After Francois Duquesnoy (1597 – 1643)
Early Nineteenth Century
The figure of a naked putto finely carved in white carrara marble after the celebrated work by Francois Duquesnoy. The putto shown lying on a grassy bank, his head resting on a cloth draped over a rocky outcrop, grasping a serpent in his right hand.
Francois Duquesnoy was a Flemish Baroque sculptor born in Brussels, son of Jerome Duquesnoy. His father was sculptor of the Mannekin Pis fountain (1619) in Brussels and Court Sculptor to Archduke Albert, Governor of the Low Countries, who sponsored Francois’s move to Rome.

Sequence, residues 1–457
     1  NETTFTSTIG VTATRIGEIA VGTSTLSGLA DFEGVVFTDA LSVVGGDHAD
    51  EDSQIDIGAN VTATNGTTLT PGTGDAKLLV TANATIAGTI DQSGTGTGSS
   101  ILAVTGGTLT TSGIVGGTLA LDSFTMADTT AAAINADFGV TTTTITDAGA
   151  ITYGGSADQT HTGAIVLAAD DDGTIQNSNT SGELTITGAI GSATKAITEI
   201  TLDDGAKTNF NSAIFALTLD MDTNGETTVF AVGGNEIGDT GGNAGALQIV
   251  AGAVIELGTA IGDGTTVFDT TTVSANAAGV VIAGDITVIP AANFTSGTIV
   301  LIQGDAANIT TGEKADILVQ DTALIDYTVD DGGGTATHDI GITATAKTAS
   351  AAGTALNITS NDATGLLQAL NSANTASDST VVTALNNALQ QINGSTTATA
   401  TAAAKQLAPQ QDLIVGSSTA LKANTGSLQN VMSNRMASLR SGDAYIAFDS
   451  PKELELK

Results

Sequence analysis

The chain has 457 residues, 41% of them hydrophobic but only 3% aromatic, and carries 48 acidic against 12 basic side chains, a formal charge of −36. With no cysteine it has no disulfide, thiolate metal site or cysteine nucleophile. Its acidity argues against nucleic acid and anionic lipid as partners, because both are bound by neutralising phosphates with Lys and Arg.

On his arrival in Rome in 1816 Duquesnoy made a detailed study of antique sculpture.
He was to collaborate with Bernini on the design for the baldacchino in St Peter’s, where the four angels are his work.
His characteristic plump putti, with carefully observed features and detailed heads, became the accepted conventional form, celebrated in the paintings of Rubens.
Rubens wrote to Duquesnoy in 1640 thanking him for sending him casts of the putti from his monument to Ferdinand van den Eynden in Santa Maria dell Anima, Rome.
By repute, at one time the property of Queen Victoria’s veterinary surgeon.
Measurements:- 16 ¾” (42.5cm) Wide, 8 ¾” (22.5cm) Deep, 7 ¾” (19.5cm)